What to Cook This Week
Good morning. How are you doing? I’m moved to ask that question every couple of months because I think it’s important to acknowledge that you might not be doing well at all. We are two years into the pandemic and some two weeks into the war in Ukraine. There’s heartbreak everywhere, and there are times for all of us when it seems too much to bear.
That we bear it anyway may be a sign of our humanity, but it can come with a psychological cost. So, try to give yourself a break today or some day real soon. Get out of your head. Reboot and recharge. (These nostrums are clichéd, I know. But they’re no less important for that.) You might take a long walk or a long drive, might spend a day on the couch with a book, might fix something difficult or go to the store.
And of course you should cook. No person in the history of the world has ever spent a Sunday making the Big Lasagna (above) and not emerged from the experience thrilled (and exhausted), with an amazing meal to serve to family or friends. You cannot control the darkness that surrounds us. But you can make a lasagna and, in so doing, experience a kind of temporary, mood-lifting escape. Will you give that a try today?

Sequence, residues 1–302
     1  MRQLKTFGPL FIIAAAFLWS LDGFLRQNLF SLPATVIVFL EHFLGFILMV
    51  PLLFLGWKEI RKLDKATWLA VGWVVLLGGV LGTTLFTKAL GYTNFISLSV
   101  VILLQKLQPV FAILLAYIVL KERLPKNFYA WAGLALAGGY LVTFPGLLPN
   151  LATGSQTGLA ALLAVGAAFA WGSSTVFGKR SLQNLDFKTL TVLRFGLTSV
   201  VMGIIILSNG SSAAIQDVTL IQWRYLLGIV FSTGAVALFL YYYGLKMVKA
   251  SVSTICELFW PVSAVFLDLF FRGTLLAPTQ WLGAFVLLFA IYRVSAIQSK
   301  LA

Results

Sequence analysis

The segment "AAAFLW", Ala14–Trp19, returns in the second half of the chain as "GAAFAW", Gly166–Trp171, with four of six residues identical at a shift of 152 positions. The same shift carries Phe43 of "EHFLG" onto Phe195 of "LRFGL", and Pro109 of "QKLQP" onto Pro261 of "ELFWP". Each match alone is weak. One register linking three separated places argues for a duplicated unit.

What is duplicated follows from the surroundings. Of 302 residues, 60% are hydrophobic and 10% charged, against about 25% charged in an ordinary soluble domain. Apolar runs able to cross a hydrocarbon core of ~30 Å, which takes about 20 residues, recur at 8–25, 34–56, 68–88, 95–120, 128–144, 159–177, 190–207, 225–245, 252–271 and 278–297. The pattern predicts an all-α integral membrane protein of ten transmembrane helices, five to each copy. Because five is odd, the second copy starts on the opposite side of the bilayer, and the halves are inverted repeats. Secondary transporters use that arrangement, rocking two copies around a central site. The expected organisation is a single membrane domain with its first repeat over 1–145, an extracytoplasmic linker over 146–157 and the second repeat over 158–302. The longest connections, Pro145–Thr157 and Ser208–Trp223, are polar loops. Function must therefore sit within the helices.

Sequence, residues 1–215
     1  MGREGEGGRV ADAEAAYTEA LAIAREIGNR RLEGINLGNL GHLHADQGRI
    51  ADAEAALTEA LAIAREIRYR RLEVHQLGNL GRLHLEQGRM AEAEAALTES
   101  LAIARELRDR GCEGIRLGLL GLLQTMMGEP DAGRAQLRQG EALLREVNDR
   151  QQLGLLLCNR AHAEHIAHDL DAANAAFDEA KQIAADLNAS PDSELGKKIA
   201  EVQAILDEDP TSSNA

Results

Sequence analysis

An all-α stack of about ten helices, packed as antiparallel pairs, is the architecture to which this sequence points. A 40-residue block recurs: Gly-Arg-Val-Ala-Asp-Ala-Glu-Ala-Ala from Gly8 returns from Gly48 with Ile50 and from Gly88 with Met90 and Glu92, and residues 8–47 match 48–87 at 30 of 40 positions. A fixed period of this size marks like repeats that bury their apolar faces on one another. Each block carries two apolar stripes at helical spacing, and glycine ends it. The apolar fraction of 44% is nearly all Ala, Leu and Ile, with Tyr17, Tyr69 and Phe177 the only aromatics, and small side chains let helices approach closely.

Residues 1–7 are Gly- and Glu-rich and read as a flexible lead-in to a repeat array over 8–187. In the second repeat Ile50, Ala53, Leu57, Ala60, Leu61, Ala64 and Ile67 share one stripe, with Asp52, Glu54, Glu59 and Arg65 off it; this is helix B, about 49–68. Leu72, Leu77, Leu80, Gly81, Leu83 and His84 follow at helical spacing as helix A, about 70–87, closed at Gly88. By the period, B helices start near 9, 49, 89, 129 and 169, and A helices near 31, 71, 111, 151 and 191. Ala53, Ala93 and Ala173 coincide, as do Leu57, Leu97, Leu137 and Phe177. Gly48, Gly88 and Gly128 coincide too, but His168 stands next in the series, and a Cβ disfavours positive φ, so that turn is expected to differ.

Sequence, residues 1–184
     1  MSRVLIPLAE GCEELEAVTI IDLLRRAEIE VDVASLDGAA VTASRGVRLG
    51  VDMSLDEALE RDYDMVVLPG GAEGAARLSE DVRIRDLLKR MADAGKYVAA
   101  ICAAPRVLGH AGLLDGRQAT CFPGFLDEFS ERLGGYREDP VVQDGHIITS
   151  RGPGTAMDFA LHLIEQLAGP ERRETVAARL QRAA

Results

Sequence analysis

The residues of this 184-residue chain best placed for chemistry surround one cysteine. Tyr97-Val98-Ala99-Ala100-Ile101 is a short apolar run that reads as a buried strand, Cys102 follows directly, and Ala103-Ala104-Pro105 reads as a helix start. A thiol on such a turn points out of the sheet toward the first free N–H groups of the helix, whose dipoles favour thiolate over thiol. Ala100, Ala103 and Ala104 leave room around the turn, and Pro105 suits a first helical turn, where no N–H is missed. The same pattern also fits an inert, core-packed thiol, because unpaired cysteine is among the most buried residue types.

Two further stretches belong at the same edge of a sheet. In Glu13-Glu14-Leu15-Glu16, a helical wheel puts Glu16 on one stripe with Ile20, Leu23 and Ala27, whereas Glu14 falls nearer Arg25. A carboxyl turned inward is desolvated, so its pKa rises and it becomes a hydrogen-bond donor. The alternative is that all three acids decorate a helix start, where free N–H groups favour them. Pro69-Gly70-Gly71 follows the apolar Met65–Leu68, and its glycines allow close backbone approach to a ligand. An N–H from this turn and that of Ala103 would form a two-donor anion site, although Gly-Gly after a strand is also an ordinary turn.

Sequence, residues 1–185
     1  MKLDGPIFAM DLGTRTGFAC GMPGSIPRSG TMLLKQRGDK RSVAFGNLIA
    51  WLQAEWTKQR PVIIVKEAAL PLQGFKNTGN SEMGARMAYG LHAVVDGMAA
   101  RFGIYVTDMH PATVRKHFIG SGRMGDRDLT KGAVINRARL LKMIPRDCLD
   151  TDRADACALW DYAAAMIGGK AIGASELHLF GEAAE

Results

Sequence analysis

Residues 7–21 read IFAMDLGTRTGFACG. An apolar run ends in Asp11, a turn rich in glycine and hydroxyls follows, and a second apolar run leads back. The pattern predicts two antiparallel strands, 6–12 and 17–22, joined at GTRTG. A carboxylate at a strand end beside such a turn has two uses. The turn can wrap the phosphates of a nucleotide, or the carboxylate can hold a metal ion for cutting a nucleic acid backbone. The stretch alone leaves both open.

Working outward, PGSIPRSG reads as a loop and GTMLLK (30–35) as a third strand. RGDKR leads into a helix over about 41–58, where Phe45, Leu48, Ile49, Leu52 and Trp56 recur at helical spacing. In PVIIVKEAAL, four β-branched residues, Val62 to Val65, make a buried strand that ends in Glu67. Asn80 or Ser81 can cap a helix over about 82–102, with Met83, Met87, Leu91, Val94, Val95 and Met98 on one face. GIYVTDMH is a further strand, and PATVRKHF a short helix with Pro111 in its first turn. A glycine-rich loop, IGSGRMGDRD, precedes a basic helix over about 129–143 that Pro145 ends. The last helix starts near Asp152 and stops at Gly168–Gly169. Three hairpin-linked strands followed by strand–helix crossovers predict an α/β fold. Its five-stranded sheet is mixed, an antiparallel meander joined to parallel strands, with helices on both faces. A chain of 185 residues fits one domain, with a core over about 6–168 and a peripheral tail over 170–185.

And definitely make sure to advance your analog clocks. Daylight saving time began at 2 am As for the rest of the week…
I like the idea of this roasted cabbage Caesar salad, from Hetty McKinnon, a hearty vegetarian main course with caramelized wedges of cabbage and crisp chickpeas.
It’s Holi, and Priya Krishna brought us a beautiful recipe for saffron pistachio blondies. And if you’re observing Lent, it’s a good time to round out the week with fried catfish, sautéed greens and Millie Peartree’s new recipe for cheese grits kissed with garlic powder.
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Now, it’s nothing to do with turmeric, pizza or caramel, but you should read Lisa Miller’s profile of the street photographer turned philanthropist Brandon Stanton, the creator of Humans of New York, in New York magazine.
Vicki Constantine Croke, writing in The New York Times Book Review, got me to order Jack E. Davis’s latest: “The Bald Eagle: The Improbably Journey of America’s Bird.” (I saw one soaring down the East Branch of the Delaware River a while back!)
Check out these two new poems by Ange Mlinko in the London Review of Books.
Finally, Guided by Voices played Irving Plaza in New York on March 4. Here’s video of “Cut-Out Witch” from the show, and though it cuts out early, that’s all right. They sure looked to be having fun. I’ll be back on Monday.